I have been thinking about the meaning of the "permits a rebuttable inference" language used by the judge in the previous post. All that means is that the judge may consider your prior work record as a factor when evaluating your credibility. It is a legalistic way of saying "I can hold your poor work record against you unless I am persuaded not to hold it against you."
Credibility is important because most people who are disabled physically have subjective symptoms such as pain. The judge needs to determine if the pain is as bad as you say it is, and if it limits your ability to work as severely as you say it does. This requires a credibility determination, and it happens in just about every case.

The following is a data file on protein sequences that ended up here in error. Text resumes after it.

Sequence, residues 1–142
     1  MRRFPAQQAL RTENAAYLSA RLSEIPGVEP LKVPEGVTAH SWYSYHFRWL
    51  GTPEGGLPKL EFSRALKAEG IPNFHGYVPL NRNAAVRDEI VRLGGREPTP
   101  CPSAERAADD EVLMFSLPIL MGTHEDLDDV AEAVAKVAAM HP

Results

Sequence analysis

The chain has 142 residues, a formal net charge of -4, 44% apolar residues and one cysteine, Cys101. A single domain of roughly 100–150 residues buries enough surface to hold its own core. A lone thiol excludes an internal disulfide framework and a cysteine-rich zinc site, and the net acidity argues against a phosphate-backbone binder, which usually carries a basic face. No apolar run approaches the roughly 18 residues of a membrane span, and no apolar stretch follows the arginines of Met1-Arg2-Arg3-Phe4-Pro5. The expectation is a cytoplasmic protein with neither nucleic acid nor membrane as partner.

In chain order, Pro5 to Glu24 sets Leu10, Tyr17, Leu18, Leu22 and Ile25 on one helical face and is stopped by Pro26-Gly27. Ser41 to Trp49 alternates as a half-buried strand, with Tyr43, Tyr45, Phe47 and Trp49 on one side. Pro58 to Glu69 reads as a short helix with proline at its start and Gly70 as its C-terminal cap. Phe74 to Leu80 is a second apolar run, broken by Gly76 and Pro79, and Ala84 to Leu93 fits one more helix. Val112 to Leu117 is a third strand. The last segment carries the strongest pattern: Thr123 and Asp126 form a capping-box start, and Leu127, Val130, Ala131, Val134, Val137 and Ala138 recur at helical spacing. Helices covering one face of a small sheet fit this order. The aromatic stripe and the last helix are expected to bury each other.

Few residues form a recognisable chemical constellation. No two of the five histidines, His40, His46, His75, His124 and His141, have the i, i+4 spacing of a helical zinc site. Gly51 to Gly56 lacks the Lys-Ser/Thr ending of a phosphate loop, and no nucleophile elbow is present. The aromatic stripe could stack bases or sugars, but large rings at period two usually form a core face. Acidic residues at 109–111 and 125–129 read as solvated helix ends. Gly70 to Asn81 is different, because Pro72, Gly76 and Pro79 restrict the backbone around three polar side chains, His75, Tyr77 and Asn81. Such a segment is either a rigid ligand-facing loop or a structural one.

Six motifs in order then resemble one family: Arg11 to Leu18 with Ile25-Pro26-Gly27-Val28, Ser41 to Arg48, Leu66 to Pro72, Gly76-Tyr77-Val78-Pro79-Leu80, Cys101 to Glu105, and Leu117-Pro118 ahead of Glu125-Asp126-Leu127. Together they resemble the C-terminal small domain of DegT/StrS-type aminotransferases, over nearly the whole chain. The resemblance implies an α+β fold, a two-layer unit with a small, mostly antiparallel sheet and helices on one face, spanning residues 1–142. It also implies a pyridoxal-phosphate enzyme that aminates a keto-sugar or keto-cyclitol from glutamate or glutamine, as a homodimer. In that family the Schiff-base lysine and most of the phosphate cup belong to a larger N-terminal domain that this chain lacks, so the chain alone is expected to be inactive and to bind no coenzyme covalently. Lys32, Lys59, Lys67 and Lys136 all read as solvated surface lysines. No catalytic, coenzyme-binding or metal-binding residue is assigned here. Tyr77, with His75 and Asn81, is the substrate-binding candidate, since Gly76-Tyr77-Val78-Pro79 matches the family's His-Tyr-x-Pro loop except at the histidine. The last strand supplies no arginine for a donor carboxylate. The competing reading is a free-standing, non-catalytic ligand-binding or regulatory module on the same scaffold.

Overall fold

The SSA has a regulation regarding the factors that must be considered by the judge when assessing credibility. Social Security Ruling 96-7p also discusses those factors. Both the regulation and the ruling include your prior work record among the factors to be considered. See 20 C.F.R. 404.1529(c)(3).
This does not mean that if you have a poor work record you will lose your case, or if you have a great work record you will win your case. It is just one of several items that the judge weighs. Having said that, however, when I represent a claimant with a poor work record, at the hearing I always try to explain why it is poor – often it is due to the claimant’s impairments. And when I have a claimant with an excellent work record, I always point it out to the judge.